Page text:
When I open my mailbox, I often find Amazon packages that I don't remember ordering. But today's surprise was a DVD of Sharknado, a movie I absolutely did not purchase. My first instinct was to contact Amazon and change my password, but then I found a note inside: "For you to test out the new Syfy Sync app with your Philips Hue lights." Wait, what? A quick web search cleared things up pretty quickly -- the latest Syfy Sync app enables full control of a Hue bridge (and connected lights) on the same network. The movie, app and lights work together, in theory, to bring you a more immersive entertainment experience.

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Back in June, Google revealed Cardboard: an open-source attempt at mobile virtual reality. Heck, even the "hardware" is open source --here are instructions to make your own, right now!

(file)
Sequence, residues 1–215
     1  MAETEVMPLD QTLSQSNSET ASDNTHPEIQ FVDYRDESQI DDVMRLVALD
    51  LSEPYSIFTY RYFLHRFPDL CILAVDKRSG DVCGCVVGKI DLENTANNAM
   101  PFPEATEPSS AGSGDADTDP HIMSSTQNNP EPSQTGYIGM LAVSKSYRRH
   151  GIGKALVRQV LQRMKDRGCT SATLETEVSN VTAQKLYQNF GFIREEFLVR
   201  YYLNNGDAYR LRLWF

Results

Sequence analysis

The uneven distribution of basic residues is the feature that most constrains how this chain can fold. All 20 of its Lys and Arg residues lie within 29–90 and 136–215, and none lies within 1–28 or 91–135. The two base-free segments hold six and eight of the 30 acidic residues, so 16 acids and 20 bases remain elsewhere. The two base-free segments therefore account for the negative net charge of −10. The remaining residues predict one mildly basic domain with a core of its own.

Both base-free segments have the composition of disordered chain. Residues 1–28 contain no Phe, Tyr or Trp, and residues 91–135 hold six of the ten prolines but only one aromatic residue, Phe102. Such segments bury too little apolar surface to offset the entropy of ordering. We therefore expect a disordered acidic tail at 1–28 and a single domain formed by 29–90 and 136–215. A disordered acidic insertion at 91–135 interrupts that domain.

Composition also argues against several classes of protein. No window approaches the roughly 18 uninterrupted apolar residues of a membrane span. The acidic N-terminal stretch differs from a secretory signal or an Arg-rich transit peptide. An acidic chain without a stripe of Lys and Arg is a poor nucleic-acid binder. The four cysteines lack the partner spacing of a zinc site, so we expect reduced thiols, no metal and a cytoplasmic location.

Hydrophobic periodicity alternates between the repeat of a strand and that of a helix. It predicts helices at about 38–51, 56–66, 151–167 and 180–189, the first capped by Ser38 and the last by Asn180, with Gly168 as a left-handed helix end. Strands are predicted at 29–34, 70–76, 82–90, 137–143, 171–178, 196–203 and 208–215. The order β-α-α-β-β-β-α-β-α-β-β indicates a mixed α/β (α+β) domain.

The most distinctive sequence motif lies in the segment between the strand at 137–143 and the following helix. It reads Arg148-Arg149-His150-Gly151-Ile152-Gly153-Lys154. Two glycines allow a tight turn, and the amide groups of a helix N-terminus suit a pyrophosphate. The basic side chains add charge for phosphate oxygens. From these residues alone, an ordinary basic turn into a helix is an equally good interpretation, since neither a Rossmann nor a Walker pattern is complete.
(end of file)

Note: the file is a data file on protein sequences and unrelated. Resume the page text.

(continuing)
But the concept is more than a low-tech solution to mobile VR. It's emblematic of Google's approach to virtual reality: use the phone that's already in your pocket. Samsung's taking the same approach later this year with Gear VR, only it's also partnering with Oculus VR on the software side.

This stands in stark contrast to the PC-dependent, ultra-high-res experience Oculus VR and Facebook are aiming to achieve. The Oculus Rift headset both literally and figuratively kickstarted the re-birth of virtual reality in modern technology. It remains the peak of technological achievement in virtual reality. And now, the medium is splintering into two distinct futures: one of entertainment, the other of immersion.

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"If I had a hole in New Mexico, maybe that one [the Project Runway game] would have made it there."